2:26 PM EDT
Brad Miller, D-NC 13th

Mr. MILLER of North Carolina. Mr. Speaker, I wish to address specifically the amendment that Mr. LaTourette and I have offered.

Mr. Speaker, the worst of the foreclosure crisis is yet to come. Mr. Frank just corrected incorrect factual assertions. Let me correct one as well.

Mr. Feeney said a few minutes ago or gave the example of a 3 percent teaser rate. Mr. Speaker, the typical initial rate for the mortgages that are causing this problem was 8 1/2 percent, which is already well above the conventional prime rate.

According to The Wall Street Journal, 55 percent of the people who got those loans qualified for prime loans. Their trust was betrayed. And the typical adjustment after just 2 or 3 years was a 30 to 50 percent higher monthly mortgage payment. Seventy percent had prepayment penalties so people couldn't get out and would have to pay when they got out, when they refinanced out of a loan they could not possibly afford and the lender never intended they would afford because they required they come

back and refinance again.

It's not surprising that 3 million homeowners with subprime loans are expected to enter foreclosure proceedings in the next couple of years and 2 million of them will likely lose their homes. Another 40 million homeowners will see the value of their homes decline when other homes in their neighborhood are foreclosed, and they will lose $200 billion in their home property values.

Credit Suisse now estimates that there is another wave of foreclosures coming after this one as even more exotic, innovative mortgages go into default. Credit Suisse estimates that in the next 5 years 12.7 percent of homeowners with mortgages are expected to lose their homes to foreclosure.

Mr. Speaker, when those families lose their home to foreclosure most will fall out of the middle class and into poverty.

The policy failures that caused this problem, that led to this crisis, were in Washington, but State and local government are having to deal with the consequences.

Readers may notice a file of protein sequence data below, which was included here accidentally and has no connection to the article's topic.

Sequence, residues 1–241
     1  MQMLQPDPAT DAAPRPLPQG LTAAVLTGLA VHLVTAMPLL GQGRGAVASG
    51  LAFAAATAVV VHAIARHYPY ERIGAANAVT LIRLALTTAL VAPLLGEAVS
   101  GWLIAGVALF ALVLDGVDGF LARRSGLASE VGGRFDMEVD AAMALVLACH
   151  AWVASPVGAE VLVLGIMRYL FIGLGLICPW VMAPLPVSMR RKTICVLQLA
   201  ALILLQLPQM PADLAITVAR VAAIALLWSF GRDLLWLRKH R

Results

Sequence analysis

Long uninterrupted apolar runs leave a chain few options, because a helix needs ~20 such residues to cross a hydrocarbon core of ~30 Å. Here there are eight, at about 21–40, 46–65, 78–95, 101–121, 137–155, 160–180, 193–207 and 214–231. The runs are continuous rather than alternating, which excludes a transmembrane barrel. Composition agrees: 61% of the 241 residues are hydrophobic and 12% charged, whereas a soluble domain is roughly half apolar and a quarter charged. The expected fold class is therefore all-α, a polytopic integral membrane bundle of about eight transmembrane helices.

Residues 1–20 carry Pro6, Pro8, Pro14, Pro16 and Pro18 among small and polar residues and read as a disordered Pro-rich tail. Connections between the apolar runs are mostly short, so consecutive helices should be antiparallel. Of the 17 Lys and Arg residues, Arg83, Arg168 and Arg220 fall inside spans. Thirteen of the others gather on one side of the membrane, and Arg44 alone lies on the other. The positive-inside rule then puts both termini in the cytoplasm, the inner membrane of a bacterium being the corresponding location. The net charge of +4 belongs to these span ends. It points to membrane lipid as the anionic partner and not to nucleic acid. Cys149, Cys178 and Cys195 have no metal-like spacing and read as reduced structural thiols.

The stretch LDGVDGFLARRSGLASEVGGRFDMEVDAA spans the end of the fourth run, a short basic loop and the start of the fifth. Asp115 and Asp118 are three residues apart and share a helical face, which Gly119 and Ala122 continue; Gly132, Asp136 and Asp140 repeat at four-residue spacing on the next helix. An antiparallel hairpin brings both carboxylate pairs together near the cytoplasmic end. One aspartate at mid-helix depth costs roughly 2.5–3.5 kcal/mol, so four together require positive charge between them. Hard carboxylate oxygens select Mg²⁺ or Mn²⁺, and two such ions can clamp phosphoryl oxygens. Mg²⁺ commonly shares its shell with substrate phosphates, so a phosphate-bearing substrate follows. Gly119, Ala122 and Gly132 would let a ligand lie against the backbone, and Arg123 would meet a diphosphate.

Property rights, contracts and foreclosure proceedings are all matters of State law, not Federal law. The laws vary from State to State, but every State's foreclosure law includes protections for the borrowers whose homes are being seized and sold to pay the mortgage.

[Time: 14:30]

State laws have notice requirements. They provide reasonable time for the families who are losing their homes to find someplace else to live and to move; they limit the costs that they be charged to homeowners; they allow homeowners to cure defaults in some circumstances. Many States limit or prohibit deficiency judgments if the sale of the home is not enough to pay off the debt, and on and on. And several States, not surprisingly, are now considering additional laws to protect borrowers who

are losing their homes to foreclosure.

Recently, there has been some suggestion, some hint in the press and elsewhere that if State and local governments start getting underfoot, if they start making a nuisance of themselves, the lending industry will argue that some of the especially annoying State laws, State foreclosure proceedings cannot be applied to mortgage holders or mortgage services that are affiliated with national banks or trusts.

There is no Federal foreclosure law, but they argue that State foreclosure proceedings could be preempted by Federal laws that govern national banks and trusts. This amendment clarifies that State laws and local ordinances on foreclosure and foreclosed properties are not preempted by Federal law.